Logger Randy Pew feeds logs into the “delimbinator,” a machine that can delimb and debark several logs at a time. Pew demonstrated the machine’s capabilities to representatives from the Forest Service and the timber industry June 5. Photo by Debra Moore
Forest Service personnel and timber industry leaders gathered June 5 just north of Graeagle to get their first look at the “delimbinator” — a device that can delimb a grapple full of logs at one time.
According to Greenville logger Randy Pew, this is the first machine of its kind to operate west of the Mississippi and it is pivotal to the success of his family’s latest business venture.
His son, Jared, has started a new logging company, J&C Enterprises. While the younger Pew is still bidding traditional logging jobs, he is also working with his father on the new venture, which involves the delimbinator.
The goal is to remove biomass from the forest and turn it into firewood — but not in the traditional way.
Logs would be stripped of their limbs, cut into 8-foot or 16-foot lengths and then bundled into half-cords.
The bundles could be lifted into the back of a pickup truck with a standard grapple and driven to a home. Firewood can be cut without ever untying the bundle.
Since the logs are from 3 inches to 8 inches in diameter, there is no need to split it further, though Randy Pew said he is aware that some people are used to working with split wood.
“It catches fire more easily, but it burns more quickly,” Pew said of split wood. He estimated that rounds would burn 20 percent more slowly.
“The basic idea is that nobody has to handle the wood until it goes in the stove,” he said.
The Pews call these bundles Z-cords.
Pew said that the family was discussing the new project around the table one evening, when his 13-year-old grandson, Zack, said, “You should call it Zack-cord.” And Z-cord was born.
The Pews’ Z-cords take the guesswork out of what comprises a cord or half cord, since each is measured and bundled.
The half-cords would come in 8-foot lengths, which allows for six 16-inch cuts.
Pew said that several people have already ordered the bundles. To get more information, call J&C Enterprises at 258-7702.
Pew thinks there is enormous potential and referenced the 6,000 cords he pulled out of the footprint of the Moonlight Fire four years after the burn.
“There is a definite need,” he said.
And that’s why the June 5 exhibition attracted the attention of the Forest Service and members of the timber industry.
Forest Service and industry reaction
Randy Pew, and his son, Jared, debuted their equipment to about a dozen representatives of the Forest Service on June 5, along with Plumas Bank officials and members of the timber industry.
Plumas Forest Supervisor Earl Ford said he invited members from each district within the forest because of the importance he attaches to this project.
“We are looking for this kind of creativity and diversity in the forest,” Ford said. “It is in our best interest to get the biomass out of the forest.”
Most timber contracts include a biomass component, which requires timber contractors to remove plant debris along with merchantable logs. When current timber contracts were awarded, it was assumed that the debris would be taken to a cogeneration facility to be turned into energy. But that market has taken a downturn, with many facilities closing and those that are operational nearing capacity.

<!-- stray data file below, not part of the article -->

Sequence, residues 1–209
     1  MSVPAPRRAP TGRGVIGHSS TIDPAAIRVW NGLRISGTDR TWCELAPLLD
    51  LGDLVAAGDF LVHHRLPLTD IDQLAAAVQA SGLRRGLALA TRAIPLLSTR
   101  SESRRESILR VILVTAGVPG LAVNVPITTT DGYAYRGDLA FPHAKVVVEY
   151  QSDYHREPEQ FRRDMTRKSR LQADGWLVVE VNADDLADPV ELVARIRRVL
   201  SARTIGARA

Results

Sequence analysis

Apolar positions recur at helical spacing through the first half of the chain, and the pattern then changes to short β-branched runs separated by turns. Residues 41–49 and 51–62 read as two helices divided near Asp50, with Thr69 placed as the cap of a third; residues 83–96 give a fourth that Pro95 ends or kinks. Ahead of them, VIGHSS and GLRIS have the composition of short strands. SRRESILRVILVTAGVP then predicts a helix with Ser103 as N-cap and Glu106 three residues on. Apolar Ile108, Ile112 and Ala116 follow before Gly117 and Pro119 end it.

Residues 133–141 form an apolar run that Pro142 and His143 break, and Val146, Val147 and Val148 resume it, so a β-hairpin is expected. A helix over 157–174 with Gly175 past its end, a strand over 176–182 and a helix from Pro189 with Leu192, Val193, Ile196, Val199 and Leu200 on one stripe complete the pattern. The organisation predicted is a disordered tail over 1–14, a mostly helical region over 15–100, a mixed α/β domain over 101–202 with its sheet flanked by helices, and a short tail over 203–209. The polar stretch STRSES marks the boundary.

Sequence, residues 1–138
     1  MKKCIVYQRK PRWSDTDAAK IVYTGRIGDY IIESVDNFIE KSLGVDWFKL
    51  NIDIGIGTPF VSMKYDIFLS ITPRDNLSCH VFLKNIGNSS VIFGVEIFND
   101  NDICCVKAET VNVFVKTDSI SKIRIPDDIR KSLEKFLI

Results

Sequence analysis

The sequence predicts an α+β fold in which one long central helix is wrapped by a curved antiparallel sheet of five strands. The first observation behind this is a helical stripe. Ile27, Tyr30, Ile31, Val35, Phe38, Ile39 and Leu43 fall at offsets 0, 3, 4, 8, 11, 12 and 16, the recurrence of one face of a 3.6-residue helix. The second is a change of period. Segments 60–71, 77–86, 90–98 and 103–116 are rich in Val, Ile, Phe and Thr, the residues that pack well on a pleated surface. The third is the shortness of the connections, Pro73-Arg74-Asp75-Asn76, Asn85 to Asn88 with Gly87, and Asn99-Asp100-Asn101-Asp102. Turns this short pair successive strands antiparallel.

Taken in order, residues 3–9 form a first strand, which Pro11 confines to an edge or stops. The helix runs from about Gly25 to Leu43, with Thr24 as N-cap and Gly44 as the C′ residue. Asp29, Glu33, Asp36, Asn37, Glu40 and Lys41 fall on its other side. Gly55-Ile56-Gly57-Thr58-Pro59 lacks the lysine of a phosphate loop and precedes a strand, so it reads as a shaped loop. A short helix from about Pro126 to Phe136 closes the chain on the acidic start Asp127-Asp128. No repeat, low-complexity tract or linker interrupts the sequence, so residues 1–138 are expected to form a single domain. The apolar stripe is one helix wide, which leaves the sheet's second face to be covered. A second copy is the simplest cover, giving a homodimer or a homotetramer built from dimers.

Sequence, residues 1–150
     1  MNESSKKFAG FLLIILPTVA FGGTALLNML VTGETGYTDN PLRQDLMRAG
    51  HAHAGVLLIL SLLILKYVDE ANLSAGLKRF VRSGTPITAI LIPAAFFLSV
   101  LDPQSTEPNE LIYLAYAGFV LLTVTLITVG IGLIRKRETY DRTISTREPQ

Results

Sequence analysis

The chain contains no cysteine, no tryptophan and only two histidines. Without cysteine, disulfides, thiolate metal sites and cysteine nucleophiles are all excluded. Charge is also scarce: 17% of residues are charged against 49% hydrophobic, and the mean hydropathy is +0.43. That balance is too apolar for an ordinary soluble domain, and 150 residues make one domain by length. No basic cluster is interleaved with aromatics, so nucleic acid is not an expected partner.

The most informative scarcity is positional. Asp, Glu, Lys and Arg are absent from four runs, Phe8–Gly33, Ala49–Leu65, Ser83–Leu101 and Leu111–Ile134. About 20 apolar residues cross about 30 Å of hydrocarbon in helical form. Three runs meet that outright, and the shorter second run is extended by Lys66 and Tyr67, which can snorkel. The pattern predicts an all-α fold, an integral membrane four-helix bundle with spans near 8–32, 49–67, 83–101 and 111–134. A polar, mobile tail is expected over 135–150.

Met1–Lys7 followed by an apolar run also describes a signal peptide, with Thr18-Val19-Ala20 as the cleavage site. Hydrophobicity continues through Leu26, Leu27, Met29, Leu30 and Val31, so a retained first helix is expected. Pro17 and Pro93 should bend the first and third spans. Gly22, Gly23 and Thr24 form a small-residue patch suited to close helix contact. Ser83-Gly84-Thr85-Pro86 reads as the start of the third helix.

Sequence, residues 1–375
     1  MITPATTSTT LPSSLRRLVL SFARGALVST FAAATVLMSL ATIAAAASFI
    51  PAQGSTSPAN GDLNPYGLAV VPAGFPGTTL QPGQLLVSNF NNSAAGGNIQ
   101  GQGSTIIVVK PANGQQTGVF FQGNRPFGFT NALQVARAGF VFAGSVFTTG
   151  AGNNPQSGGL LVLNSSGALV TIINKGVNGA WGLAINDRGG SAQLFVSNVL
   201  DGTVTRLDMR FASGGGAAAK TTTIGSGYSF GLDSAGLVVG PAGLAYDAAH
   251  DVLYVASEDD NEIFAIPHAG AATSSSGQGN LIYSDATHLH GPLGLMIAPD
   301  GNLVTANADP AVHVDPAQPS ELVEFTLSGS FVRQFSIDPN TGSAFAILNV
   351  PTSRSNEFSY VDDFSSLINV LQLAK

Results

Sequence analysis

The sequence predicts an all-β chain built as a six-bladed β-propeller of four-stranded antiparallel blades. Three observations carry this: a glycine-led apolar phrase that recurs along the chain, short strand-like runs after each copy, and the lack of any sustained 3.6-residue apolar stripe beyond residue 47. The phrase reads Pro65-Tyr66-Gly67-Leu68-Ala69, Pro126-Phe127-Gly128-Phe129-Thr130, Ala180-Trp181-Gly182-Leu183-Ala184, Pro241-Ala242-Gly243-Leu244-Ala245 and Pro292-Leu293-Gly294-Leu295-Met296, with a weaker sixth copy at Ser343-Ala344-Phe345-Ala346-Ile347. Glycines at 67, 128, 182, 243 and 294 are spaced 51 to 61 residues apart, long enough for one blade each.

Such was the case for Nathan Bamford of the Oroville-based timber company J.W. Bamford Inc.
He purchased the timber contract known as Otis Ranch north of Graeagle. It’s a fuels reduction project that includes 6 million board feet of timber and 100,000 tons of green biomass.
Bamford said he planned to haul the biomass to the cogeneration facility at Honey Lake, but had recently been told that his opportunity had been put on hold.
“If I can’t get it out (the biomass to a cogeneration facility) then I have to haul it out, stack it on private land and burn it,” he said.
When Pew called to ask Bamford if he could try out his new concept on the Otis Ranch sale, Bamford said that he was excited by the opportunity.
“This is an important first step,” he said.
Even though Pew’s project will address much of the biomass, it doesn’t remove it all. There will still be odd pieces of logs, limbs and foliage.
He had proposed chipping these and spreading the chips in the forest, but that technique doesn’t always comply with the terms of the timber contract.
Two Forest Service employees charged with overseeing contracts, including Elaine Gee, said that the option wouldn’t exist in some contracts as written and each would have to be considered individually.
Ford listened to what his contract people had to say and then said, “We’re not trying to close off any option.”
He said he liked the potential for firewood cutters and the idea that the chips could be used in the forest.
When asked if contracts could be modified, Ford said he would consider it.
“It’s a benefit to the contractor; it’s a benefit to the Forest Service; and it’s a benefit to the American public,” Ford said of the project.
George Terhune, a financial backer of the Pews, said that as the operation is refined there would be even less waste. “This is going to be a pretty good operation by the end of the month.”
The machinery had just been put in place hours before the demonstration, and it was the first time that Randy and his son Jared had operated the delimbinator and slicer.
But those in attendance saw firsthand the project’s potential and how it could help remove biomass from the forest.
This is good news for other timber contractors. During a recent meeting of the Fire Safe Council, the problem of biomass removal topped the list of topics to be discussed.
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